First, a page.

Corruption has degraded all institutions and hindered progress. The United Nations notes that corruption deepens inequalities, erodes trust in leaders and institutions and hinders economic growth, democracy, and sustainable development. Corruption drains about 40 per cent from government procurement, says the US Department of Commerce and is on track to cost up to 37 per cent of GDP, adds a PwC study.

It is estimated that Nigeria accounts for 20 per cent of the $50 billion in illicit financial flows by multinationals in Africa annually. The Chartered Institute of Forensic and Investigative Professionals of Nigeria reckons that over 70 percent of the national, state and LG budgets is lost to corrupt practices. Infrastructure is poor and the daily power supply of 4,000 megawatts cannot sustain a population of over 200 million, or an economy with GDP of $440.1 billion.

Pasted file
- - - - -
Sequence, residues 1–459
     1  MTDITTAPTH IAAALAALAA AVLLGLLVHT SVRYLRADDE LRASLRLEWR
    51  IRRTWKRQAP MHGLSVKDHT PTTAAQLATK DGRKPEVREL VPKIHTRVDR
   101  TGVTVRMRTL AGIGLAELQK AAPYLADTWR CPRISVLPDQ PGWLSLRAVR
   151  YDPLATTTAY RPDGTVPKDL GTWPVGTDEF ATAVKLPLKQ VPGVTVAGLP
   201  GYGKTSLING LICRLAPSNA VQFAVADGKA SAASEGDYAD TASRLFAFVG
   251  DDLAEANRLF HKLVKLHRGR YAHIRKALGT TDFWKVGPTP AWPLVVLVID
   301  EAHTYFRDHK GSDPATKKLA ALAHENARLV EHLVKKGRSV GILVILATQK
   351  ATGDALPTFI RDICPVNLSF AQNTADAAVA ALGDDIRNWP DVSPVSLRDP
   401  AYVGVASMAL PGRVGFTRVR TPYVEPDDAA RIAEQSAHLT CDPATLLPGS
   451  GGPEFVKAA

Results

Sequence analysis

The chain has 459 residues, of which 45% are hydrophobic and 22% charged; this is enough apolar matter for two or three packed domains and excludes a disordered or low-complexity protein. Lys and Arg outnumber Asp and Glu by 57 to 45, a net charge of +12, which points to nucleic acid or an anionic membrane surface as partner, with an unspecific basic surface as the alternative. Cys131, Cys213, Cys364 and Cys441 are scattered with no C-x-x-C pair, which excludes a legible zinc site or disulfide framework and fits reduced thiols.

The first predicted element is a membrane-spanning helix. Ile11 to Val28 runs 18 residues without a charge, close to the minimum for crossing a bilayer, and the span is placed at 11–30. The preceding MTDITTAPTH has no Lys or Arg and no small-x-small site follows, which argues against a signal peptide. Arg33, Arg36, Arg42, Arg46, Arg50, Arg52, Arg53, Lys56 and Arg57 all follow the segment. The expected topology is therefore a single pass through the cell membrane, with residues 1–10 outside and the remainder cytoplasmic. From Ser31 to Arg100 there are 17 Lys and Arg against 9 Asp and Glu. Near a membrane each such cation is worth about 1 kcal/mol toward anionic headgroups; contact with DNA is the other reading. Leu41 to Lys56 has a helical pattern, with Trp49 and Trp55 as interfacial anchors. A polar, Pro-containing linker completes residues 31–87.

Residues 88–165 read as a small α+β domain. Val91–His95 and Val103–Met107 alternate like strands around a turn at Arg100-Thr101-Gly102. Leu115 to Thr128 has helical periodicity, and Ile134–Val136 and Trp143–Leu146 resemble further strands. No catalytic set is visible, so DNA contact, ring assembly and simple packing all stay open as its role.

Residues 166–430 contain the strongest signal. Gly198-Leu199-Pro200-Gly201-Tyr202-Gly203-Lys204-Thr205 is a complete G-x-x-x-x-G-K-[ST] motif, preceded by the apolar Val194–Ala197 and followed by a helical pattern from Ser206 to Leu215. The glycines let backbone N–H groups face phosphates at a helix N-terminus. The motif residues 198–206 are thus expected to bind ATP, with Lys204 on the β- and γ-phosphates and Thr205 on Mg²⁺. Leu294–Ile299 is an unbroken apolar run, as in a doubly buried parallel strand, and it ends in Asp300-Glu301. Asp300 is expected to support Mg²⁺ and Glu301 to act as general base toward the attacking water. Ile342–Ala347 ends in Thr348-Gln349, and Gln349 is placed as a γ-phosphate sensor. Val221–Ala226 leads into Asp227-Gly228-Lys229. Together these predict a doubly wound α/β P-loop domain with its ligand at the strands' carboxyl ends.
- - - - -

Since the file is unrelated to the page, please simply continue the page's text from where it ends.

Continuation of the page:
Education is in a shambles: adult illiteracy rose annually by 21.43 percent between 1991 and 2018, reported Knoema, with the number of illiterate adults rising from 24 million to 41.76 million in 2018, and 76 million by 2021, according to the Minister of Education, Adamu Adamu. The ill-equipped, under-funded public universities have been shut for seven months by a lecturers’ strike.

Some fundamental factors may sound the country’s death knell: one is the faulty foundation.

A natural federation; it is operated like a unitary state. The centrifugal forces are tearing the country apart. Attempts to cobble together a nation of people with shared ideals have crashed. Irrevocably, the country is divided, peopled by mutually hostile groups divided by region, ethnicity, and religion. As Olusegun Obasanjo, a former president said, “We have never been this disunited, not even during the Civil War (1967-70).”